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Starter Fertilizer May Benefit Soybean Growers
Source: Michigan State University
By Mike Staton and Kurt Steinke, Michigan State University Extension
Starter fertilizers have not been widely used in soybean production. However, new research results and recent shifts in planting equipment and planting dates may lead to an increase in starter fertilizer use.
There is tremendous interest in increasing soybean yields and producers are wondering if starter fertilizers can contribute to this goal. Historically, starter fertilizers have not been recommended for soybean production. There are numerous reasons for this:
Soybeans are twice as sensitive as corn to salt injury.
Yield responses to near-seed placement of phosphorus and potassium have not performed better than broadcast applications in university trials. Soybeans have typically been planted later than corn and into warmer soils. Phosphorus soil test levels are high in most of our soils.
Two factors that determine the likelihood and size of a yield response from starter fertilizer are: 1) phosphorus and potassium soil test levels, and 2) soil temperature. The phosphorus and potassium soil test levels are the most important factors determining soybean response to starter fertilizer. Economic returns to starter fertilizer are not likely to occur when phosphorus levels exceed 30 ppm and potassium levels exceed 130 ppm.
Cool soil temperatures are common during early planting, when planting into heavy crop residues, or when planting into poorly drained soils. The probability of an economic yield response to starter fertilizer is higher in any of these situations.
Recent university research has shown that early planting is critical to maximizing soybean yields. This information is motivating producers to plant soybeans earlier.
Soybeans can be safely planted into soils at 50°F, however germination, root growth and root uptake of phosphorus and potassium will be reduced in cool soils due to a decreased rate of nutrient mineralization.
A starter fertilizer containing phosphorus and potassium may be beneficial in these conditions as both nutrients promote early root development. Earlier root growth will also encourage earlier nodule development and nitrogen fixation.
Horst Bohner and Keith Reid conducted fertilizer trials comparing five different fertilizer treatments in Ontario in 2009 and 2010. They found that two of the treatments (6-24-6 at 3 gallons per acre applied in furrow and 50 lbs. of 11-52-0 applied in furrow) were profitable. Please refer to Table 1.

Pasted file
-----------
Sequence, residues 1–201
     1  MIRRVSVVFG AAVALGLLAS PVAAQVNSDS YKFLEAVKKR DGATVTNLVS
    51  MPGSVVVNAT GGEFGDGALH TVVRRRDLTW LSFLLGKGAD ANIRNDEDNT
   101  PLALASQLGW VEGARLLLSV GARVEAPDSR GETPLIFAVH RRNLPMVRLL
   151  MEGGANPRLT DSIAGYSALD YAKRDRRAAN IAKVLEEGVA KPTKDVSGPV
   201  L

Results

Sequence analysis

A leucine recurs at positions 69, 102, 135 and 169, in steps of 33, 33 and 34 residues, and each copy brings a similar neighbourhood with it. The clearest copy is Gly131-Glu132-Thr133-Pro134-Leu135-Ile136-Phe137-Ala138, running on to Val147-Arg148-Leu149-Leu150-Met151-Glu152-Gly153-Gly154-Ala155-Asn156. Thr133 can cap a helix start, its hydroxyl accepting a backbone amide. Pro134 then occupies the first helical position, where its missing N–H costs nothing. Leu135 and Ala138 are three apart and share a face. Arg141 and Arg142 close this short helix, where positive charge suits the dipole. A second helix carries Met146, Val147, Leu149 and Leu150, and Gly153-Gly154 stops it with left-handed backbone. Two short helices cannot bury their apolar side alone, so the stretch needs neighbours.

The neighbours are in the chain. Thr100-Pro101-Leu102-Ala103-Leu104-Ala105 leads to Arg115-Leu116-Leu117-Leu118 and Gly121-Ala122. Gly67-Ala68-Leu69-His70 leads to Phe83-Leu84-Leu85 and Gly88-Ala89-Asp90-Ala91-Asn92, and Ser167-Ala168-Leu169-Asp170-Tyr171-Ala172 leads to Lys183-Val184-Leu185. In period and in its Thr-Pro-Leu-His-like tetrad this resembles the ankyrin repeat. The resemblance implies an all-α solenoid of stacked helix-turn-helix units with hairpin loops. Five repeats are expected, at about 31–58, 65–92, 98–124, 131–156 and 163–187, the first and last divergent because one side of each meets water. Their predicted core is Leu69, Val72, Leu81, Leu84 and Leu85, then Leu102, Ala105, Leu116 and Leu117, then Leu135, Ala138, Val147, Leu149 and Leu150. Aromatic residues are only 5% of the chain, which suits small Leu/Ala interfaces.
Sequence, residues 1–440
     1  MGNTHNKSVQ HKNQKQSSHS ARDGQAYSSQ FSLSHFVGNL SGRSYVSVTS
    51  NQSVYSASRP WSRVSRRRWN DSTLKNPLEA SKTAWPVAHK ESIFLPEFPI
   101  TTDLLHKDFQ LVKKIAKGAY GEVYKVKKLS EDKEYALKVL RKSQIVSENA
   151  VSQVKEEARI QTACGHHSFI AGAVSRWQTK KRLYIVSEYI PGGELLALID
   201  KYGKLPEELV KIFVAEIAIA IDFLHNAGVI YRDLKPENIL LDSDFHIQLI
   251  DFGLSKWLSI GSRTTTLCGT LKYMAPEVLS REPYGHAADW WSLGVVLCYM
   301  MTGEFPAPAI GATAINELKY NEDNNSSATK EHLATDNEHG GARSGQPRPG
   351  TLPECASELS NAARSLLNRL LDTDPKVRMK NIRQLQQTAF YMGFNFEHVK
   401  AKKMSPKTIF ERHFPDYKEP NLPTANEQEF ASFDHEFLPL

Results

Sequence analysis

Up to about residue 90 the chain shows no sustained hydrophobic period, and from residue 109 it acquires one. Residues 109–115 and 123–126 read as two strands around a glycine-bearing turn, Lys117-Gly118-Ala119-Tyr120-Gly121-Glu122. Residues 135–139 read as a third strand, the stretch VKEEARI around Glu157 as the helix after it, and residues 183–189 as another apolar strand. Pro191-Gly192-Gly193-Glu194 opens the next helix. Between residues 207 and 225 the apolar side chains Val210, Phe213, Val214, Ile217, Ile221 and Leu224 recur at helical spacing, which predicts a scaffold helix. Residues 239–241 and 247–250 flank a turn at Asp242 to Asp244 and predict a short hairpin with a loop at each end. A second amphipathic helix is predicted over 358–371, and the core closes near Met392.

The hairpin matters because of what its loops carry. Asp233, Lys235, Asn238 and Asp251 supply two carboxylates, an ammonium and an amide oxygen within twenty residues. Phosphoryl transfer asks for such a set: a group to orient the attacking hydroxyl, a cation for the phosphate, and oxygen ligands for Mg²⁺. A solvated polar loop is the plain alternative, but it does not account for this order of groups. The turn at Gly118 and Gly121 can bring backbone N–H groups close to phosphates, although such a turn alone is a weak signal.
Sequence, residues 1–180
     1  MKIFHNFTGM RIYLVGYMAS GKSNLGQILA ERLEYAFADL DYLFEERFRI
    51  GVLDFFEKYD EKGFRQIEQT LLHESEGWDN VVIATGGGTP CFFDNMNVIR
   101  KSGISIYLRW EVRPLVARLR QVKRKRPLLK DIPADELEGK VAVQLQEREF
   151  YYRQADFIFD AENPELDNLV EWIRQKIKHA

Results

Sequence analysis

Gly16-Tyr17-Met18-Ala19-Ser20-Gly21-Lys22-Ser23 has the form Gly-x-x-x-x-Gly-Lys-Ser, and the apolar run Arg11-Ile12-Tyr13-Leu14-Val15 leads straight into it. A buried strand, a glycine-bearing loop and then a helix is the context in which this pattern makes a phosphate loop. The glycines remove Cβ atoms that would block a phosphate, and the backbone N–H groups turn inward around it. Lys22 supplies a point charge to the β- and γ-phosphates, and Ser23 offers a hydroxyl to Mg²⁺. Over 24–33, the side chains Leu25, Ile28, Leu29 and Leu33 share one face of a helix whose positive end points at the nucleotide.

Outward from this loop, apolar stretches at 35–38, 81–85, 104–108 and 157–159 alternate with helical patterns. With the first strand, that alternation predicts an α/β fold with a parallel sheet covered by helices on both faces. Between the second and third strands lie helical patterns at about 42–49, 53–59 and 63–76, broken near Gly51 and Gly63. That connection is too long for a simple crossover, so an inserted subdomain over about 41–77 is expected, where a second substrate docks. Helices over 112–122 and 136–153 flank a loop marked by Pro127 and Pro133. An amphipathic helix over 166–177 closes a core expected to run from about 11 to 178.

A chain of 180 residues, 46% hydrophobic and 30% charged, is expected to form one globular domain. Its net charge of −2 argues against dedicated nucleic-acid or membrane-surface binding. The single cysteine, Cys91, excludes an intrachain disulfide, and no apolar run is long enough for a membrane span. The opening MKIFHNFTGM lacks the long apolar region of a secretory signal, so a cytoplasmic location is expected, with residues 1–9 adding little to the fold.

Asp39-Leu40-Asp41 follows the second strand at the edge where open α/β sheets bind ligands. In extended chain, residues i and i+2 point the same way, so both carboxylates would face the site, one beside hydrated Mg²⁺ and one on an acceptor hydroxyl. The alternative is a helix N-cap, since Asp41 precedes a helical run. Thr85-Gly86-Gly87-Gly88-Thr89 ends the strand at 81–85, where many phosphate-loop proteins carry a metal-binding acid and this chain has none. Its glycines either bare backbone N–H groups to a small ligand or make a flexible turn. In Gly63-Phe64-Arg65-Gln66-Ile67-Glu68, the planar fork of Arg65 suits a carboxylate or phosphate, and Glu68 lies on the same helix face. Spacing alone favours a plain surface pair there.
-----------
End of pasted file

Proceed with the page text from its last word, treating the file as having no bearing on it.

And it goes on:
*Four of the five test sites had low to medium soil test levels for phosphorus and potassium and one site had high soil test levels.
The two most common ways to apply starter fertilizer are in the seed furrow (pop-up) and in a band, two inches beside and two inches below the seed (2 x 2). When applying phosphorus and potassium in a 2 x 2 band, the starter can contain up to 100 lbs. of P2O5 and 60 lbs. of K2O per acre. This is an advantage of the 2 x 2 placement as maintenance application rates of phosphorus and potassium can be applied to replace the nutrients removed by the crop.
Placing fertilizer in contact with the seed increases the risk for salt injury. Salt injury is also more likely to occur if the fertilizer has a high salt index, if the soils are coarse-textured and if the soil is dry. Consider these factors when selecting fertilizers and application rates for pop-up fertilizers.
Dr. Ronald Gelderman at South Dakota State University developed an Excel spreadsheet to help producers identify the maximum amount of fertilizer that can be placed in contact with the seed.
The spreadsheet is available online. Producers planning to apply pop-up fertilizer to soybeans this spring should use this spreadsheet. Producers planning to apply pop-up fertilizer to soybeans this spring should use this spreadsheet.
Due to the level of producer interest and the positive research results recently generated in Ontario, we plan to conduct soybean pop-up starter fertilizer trials in Michigan in 2011 and 2012. The 2011 results will be shared with producers at winter meetings and summarized in future articles.